38. History of Communism in Europe: Volume > 7
Álvaro Cúria Southern European Communist Parties’ Public Reaction to the 1989/1991 Set of Events in Eastern Europe: Framing the Analysis through a New Perspective
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This article explains the methodology behind our PhD thesis, that describes how five Southern European Communist parties2 reacted, through their party press, to the events that took place in Eastern Europe from 1989 to 1991, such as the Fall of the Berlin Wall in November 1989, the deposition of the Romanian dictator in December 1989 or the Soviet Coup d’etat in August 1991. We describe an interdisciplinary methodology which combines elements of history of the present, historiography of Communism and communication sciences. We will summarize our study, after explaining our methodology and adapting the framing party press for the purposes of this work. Finally, we’ll draw the conclusions after presenting one specific case: the interpretations provided by each party following the parliamentary elections of June 1989 in Poland.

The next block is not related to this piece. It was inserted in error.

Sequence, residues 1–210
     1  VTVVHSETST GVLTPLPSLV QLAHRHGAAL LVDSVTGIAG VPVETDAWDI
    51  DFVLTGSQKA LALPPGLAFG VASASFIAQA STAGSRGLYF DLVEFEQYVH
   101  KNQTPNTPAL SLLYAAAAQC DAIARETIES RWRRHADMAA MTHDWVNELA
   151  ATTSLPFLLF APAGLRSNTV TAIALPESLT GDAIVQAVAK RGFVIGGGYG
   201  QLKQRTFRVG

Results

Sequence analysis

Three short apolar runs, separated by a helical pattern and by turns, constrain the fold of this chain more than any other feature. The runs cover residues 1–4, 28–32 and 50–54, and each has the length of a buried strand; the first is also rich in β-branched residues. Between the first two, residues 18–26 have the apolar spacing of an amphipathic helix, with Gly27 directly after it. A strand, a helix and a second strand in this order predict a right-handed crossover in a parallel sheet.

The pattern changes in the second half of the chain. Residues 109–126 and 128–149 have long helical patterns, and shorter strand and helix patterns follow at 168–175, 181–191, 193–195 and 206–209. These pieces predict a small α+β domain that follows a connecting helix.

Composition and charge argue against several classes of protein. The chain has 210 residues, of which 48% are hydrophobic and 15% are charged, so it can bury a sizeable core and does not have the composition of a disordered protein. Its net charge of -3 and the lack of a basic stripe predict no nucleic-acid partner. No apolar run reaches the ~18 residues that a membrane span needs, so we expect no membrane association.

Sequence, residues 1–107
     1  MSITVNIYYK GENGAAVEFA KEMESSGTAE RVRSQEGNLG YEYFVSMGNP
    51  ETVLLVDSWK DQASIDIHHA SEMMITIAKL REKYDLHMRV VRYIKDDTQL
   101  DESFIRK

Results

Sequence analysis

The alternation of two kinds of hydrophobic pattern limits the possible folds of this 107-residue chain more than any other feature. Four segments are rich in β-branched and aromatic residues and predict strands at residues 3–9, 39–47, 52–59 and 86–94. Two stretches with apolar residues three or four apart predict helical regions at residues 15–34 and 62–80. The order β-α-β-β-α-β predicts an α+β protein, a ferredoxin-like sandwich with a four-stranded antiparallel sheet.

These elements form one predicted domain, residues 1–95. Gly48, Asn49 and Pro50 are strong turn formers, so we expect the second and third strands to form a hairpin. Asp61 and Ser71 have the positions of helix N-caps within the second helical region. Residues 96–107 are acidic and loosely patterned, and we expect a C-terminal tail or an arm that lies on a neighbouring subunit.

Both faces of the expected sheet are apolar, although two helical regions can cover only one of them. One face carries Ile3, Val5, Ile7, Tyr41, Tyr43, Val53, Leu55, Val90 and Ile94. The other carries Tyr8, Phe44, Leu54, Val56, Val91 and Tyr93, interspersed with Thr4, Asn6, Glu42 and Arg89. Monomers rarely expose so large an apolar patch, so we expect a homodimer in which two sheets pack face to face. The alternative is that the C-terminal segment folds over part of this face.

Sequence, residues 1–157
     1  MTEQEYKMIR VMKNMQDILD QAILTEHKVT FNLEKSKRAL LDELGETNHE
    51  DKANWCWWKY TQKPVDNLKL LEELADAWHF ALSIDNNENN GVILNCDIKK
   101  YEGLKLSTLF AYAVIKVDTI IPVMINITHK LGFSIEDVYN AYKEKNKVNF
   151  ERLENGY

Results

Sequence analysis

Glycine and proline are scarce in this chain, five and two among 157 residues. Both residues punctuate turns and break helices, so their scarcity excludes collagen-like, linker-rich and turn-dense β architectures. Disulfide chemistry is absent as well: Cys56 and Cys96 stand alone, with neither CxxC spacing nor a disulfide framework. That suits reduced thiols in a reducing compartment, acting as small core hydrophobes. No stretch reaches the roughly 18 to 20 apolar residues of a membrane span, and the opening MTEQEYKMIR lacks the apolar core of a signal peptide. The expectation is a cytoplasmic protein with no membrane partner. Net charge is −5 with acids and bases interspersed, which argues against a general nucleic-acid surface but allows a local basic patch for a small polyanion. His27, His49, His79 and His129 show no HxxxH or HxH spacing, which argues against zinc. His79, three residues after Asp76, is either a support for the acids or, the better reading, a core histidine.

iv. essay
39. History of Communism in Europe: Volume > 7
Stefan Lémny La délation dans la Roumanie communiste: Lectures pour une nouvelle recherche
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L’étude de la dénonciation n’est pas un sujet nouveau dans l’historiographie mondiale. Elle bénéficie de prémisses importantes, reparties très inégalement par époques historiques ou par régions géographiques. Il s’impose de constater, sans entrer dans les détails des préoccupations en la matière, l’importance qu’a connue la recherche de ce phénomène dans l’antiquité greco-latiné, dans la république vénitienne de l’époque pré-moderne et moderne ou dans la France révolutionnaire. La chute du Mur a considérablement apporté à l’ordre du jour cette direction d’études, dans le contexte de l’intérêt plus général pour l’histoire du monde communiste. En effet, comment comprendre le fonctionnement de ce monde sans prendre en compte son mécanisme complexe, entremêlant le bruit de la propagande et le silence du secret ?Nous souhaitons proposer une direction de recherche à partir de l’évaluation de l’historiographie la plus récente et de la méthodologie qu’elle suggère.
v. book review
40. History of Communism in Europe: Volume > 7
Báthory Ludovic Catolicism şi comunism în România. 1946-1955. O perspectivă diplomatică franceză